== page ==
A health professional students' cultural competence and attitudes toward the poor: the influence of a clinical practicum supported by the National Health Service Corps

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dc.contributor Wichita State University. School of Nursing en_US
dc.contributor.author Smith-Campbell, Betty en_US
dc.date.accessioned 2012-02-28T20:29:12Z
dc.date.available 2012-02-28T20:29:12Z
dc.date.issued 2005 en_US
dc.identifier 15839608 en_US
dc.identifier 0361603 en_US
dc.identifier.citation Journal of allied health. 2005 Spring; 34(1): 56-62. en_US
dc.identifier.issn 0090-7421 en_US
dc.identifier.uri http://www.ingentaconnect.com/content/asahp/jah/2005/00000034/00000001/art00011 en_US
dc.identifier.uri http://hdl.handle.net/10057/4560
dc.description The full text of this article is not available in SOAR. WSU users can access the article via commercial databases licensed by University Libraries: http://libcat.wichita.edu/vwebv/holdingsInfo?bibId=1328444. The URL of this article is: http://www.ingentaconnect.com/content/asahp/jah/2005/00000034/00000001/art00011. en_US
dc.description.abstract To provide quality health care today, practitioners must be culturally competent. Funding sources, such as the federal government, recognize the need to prepare culturally competent clinicians. The mission of the National Health Service Corps (NHSC), a federal program, is to increase access to primary care services and reduce health disparities by assisting in the preparation of community-responsive, culturally competent primary care clinicians. This study evaluated an NHSC program that funded, in part, health professional students' educational programs. Following their participation in an NHSC-supported clinical experience, students were assessed on their cultural competence, perceptions of the poor, and intention of serving in an underserved community. Health professional students completed a survey before and after the clinical practicum. Participants included students who were studying to be physicians, physician assistants, social workers, and nurse practitioners. Results of the study found no change in students' cultural competence after their clinical practicum. Although they remained in the "culturally aware" stage, they were not considered either "culturally proficient" or "culturally competent." However, their attitudes toward those in poverty were more positive than in previous studies of health professionals. The greatest impact from the students' clinical experience was their increased intention to practice in an underserved community following their practicum. They found their experience with the underserved to be rewarding, challenging, and humbling. Documenting the influence that government-funded programs have on health professional students is extremely important in studies such as this. en_US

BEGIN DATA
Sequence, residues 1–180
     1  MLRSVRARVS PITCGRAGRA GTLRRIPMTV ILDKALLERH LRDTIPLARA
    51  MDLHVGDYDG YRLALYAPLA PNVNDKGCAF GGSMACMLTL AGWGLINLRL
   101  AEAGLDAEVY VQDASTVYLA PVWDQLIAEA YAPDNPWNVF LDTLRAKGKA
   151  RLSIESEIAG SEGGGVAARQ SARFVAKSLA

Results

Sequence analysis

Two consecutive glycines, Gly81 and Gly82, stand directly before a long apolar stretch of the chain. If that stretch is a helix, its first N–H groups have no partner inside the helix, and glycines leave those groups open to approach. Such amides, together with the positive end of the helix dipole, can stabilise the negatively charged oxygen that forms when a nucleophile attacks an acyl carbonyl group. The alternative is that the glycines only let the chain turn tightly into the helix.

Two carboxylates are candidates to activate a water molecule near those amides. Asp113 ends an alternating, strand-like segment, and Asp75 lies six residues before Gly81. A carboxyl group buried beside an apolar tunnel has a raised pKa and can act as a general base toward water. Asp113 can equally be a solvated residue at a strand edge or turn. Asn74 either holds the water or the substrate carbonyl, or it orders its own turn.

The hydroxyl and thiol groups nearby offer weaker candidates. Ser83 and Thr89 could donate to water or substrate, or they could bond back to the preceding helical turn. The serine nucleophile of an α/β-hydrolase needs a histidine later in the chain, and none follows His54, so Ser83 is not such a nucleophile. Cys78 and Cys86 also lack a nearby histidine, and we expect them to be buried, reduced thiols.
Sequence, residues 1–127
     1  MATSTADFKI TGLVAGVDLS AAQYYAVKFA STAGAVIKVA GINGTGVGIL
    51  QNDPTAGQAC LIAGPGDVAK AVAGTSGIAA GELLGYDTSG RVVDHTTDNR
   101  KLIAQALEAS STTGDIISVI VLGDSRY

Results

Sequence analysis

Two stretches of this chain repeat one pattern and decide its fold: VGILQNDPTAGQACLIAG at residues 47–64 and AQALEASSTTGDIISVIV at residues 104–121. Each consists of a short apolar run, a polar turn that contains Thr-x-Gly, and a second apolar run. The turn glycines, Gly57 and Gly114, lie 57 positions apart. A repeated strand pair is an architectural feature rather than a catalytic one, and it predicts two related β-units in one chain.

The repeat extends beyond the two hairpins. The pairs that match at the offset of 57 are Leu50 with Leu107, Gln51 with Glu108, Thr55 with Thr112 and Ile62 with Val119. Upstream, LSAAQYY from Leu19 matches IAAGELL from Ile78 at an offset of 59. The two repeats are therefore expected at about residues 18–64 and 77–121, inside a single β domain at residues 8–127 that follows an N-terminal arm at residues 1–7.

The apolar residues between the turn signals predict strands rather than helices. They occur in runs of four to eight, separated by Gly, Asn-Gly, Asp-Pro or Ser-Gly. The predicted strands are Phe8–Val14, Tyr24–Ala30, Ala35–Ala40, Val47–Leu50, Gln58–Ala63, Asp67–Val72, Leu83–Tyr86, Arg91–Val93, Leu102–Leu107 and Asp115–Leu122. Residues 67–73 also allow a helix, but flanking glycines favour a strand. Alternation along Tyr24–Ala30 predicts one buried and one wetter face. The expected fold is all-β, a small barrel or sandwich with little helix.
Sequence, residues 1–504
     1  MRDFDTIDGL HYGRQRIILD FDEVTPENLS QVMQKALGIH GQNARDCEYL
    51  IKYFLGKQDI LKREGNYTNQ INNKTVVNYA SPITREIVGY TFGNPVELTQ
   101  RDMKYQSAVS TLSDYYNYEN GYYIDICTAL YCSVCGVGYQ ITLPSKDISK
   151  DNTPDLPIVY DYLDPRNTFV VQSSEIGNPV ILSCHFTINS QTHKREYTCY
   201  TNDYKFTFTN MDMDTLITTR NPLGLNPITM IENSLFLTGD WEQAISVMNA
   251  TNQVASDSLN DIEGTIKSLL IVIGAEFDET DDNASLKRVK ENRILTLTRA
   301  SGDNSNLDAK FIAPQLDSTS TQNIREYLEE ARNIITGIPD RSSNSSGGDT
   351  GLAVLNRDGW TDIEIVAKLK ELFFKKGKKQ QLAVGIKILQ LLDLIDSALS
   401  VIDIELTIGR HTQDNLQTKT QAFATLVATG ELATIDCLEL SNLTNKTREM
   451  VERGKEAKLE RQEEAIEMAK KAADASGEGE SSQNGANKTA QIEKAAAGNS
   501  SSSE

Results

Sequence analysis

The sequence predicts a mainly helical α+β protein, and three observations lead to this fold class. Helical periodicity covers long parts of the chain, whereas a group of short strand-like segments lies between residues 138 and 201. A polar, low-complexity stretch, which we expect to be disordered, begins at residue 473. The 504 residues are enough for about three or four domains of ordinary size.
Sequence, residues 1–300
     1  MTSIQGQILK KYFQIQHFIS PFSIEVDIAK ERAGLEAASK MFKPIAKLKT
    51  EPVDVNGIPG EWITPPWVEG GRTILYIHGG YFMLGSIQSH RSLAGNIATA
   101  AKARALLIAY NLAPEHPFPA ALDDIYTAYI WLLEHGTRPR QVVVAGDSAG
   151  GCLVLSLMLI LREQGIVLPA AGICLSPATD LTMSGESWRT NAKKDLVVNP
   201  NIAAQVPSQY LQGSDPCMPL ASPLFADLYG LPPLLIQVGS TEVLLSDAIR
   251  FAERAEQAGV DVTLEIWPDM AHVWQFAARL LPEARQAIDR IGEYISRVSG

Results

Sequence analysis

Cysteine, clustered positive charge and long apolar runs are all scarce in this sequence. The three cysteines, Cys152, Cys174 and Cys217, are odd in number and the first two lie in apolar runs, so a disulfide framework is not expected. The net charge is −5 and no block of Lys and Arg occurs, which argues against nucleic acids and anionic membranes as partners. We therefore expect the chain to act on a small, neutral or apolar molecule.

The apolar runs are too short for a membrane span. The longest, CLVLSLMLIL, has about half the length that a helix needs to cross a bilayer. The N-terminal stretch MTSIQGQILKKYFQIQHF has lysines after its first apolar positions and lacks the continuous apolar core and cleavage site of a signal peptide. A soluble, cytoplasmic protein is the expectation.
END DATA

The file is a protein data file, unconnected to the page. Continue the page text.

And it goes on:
dc.format.extent 56-62 en_US
dc.language.iso eng en_US
dc.publisher Association of Schools of Allied Health Professions en_US
dc.relation.ispartofseries Journal of Allied Health en_US
dc.relation.ispartofseries J Allied Health en_US
dc.source NLM en_US
dc.subject Research Support, Non-U.S. Gov't en_US
dc.subject.mesh Attitude of Health Personnel en_US
dc.subject.mesh Cultural Diversity en_US
dc.subject.mesh Health Services Accessibility en_US
dc.subject.mesh Humans en_US
dc.subject.mesh Medically Underserved Area en_US
dc.subject.mesh Poverty en_US
dc.subject.mesh Professional Competence en_US
dc.subject.mesh Students, Health Occupations/psychology en_US
dc.subject.mesh United States en_US
dc.title A health professional students' cultural competence and attitudes toward the poor: the influence of a clinical practicum supported by the National Health Service Corps en_US
dc.type Article en_US
dc.coverage.spacial United States en_US
dc.description.version peer reviewed en_US
dc.rights.holder Copyright © ASAHP en_US

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